US President Barack Obama believes that Secretary of State John Kerry's peace efforts in the Middle East "may be reaching (their) limit," The Washington Post quoted American administration officials as saying on Friday.
"If he goes too far, there’s the risk of looking desperate," one of the officials told the Post.
Talks have seemingly collapsed after an Israeli refusal to release the fourth and final group of Palestinian security prisoners led Palestinian Authority President Mahmoud Abbas to sign "letters of accession"
to join 13 UN agencies.
The Palestinians also released a long list of demands
to continue peace talks, one that Prime Minister Benjamin Netanyahu will have a hard time selling to his ring-wing cabinet.
Kerry, on his part, called on Netanyahu and Abbas to lead
and work to avoid the peace talks from collapsing.
"You can facilitate, you can push, you can nudge, but the parties themselves have to make fundamental decisions and compromises," he said on Thursday. "The leaders have to lead and they have to be able to see a moment when it's there."
Some of Kerry's senior staff as well as White House staffers believe that it is time for the secretary of state to say "enough" and "lower the volume" on peace talks between Israel and the Palestinians and "see how things unfold."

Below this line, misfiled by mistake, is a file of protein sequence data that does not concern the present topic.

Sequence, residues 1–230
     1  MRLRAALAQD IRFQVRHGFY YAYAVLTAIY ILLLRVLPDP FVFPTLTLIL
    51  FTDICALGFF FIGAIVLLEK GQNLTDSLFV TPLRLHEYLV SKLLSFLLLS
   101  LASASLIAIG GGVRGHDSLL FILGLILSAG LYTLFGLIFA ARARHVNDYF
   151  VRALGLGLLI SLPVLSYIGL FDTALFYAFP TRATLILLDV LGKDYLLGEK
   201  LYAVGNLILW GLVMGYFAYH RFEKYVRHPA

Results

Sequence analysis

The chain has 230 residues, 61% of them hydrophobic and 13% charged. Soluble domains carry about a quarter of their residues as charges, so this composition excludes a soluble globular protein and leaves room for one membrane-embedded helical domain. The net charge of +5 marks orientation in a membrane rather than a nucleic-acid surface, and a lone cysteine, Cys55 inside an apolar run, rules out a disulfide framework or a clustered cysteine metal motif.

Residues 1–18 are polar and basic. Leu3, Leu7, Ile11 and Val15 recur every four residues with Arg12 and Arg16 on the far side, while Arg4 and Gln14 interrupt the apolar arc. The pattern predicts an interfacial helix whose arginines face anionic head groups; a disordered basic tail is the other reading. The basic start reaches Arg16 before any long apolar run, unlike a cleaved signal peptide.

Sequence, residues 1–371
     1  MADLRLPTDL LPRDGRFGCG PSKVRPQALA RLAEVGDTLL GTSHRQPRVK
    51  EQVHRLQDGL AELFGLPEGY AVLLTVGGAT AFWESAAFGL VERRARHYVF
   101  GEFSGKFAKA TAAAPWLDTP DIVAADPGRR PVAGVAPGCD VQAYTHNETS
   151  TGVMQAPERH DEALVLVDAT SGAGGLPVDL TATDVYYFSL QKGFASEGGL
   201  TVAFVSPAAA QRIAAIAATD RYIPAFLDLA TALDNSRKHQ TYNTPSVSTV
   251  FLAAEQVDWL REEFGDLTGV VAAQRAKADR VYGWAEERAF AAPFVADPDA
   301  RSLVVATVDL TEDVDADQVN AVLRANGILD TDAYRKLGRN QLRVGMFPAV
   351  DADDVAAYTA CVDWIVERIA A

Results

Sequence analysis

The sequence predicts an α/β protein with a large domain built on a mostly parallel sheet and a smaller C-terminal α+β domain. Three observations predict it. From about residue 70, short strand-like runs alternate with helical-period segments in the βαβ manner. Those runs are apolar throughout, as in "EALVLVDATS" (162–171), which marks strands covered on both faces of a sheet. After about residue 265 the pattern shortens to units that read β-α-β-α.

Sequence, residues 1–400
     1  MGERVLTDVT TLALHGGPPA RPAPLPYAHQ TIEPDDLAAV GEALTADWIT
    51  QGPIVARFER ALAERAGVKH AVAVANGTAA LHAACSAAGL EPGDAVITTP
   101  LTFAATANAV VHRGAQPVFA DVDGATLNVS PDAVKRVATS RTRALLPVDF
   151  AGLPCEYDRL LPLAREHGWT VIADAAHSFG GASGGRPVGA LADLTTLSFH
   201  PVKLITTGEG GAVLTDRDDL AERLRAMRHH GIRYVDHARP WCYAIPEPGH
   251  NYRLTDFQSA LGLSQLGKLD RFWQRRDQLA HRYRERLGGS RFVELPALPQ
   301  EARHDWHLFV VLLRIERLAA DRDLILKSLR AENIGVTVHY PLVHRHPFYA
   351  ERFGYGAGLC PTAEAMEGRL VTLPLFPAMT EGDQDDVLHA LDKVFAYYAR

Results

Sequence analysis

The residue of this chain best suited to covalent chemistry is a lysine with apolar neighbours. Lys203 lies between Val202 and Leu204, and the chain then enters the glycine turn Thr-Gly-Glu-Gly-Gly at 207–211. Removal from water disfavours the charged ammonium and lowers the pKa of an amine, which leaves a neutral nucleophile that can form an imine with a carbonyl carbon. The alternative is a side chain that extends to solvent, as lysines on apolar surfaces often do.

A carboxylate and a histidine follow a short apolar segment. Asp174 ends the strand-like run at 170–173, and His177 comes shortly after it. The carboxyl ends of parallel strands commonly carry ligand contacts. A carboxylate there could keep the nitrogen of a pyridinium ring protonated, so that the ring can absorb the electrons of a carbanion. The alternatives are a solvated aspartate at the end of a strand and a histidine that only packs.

"A point will come where he has to go out and own the failure," a US official said.
Administration officials said the secretary of state risks "being seen as trying too hard at the expense of a range of other pressing international issues."
Despite that, the administration believes the possible gains to be had from the peace process as worth any risk of failure, a US official close to Kerry told the Washington Post.
President Obama has supported Kerry's efforts and has gone "out of his way to both re-energize his own commitment to this at the beginning of his second term and also to very, very demonstrably empower Kerry," deputy national security adviser Ben Rhodes said.
But while Kerry's efforts have notably helped pushed the peace process forward by tackling the core issues of Jerusalem, borders and refugees more than in previous negotiations, they may not be "sufficient" to succeed if the two sides are unwilling, said Aaron David Miller, who helped formulate US Mideast policy for two decades at the State Department.
"The obituary will be that John Kerry cares more about this process than the Israelis and the Palestinians. I would argue that’s not a terribly positive legacy," he added.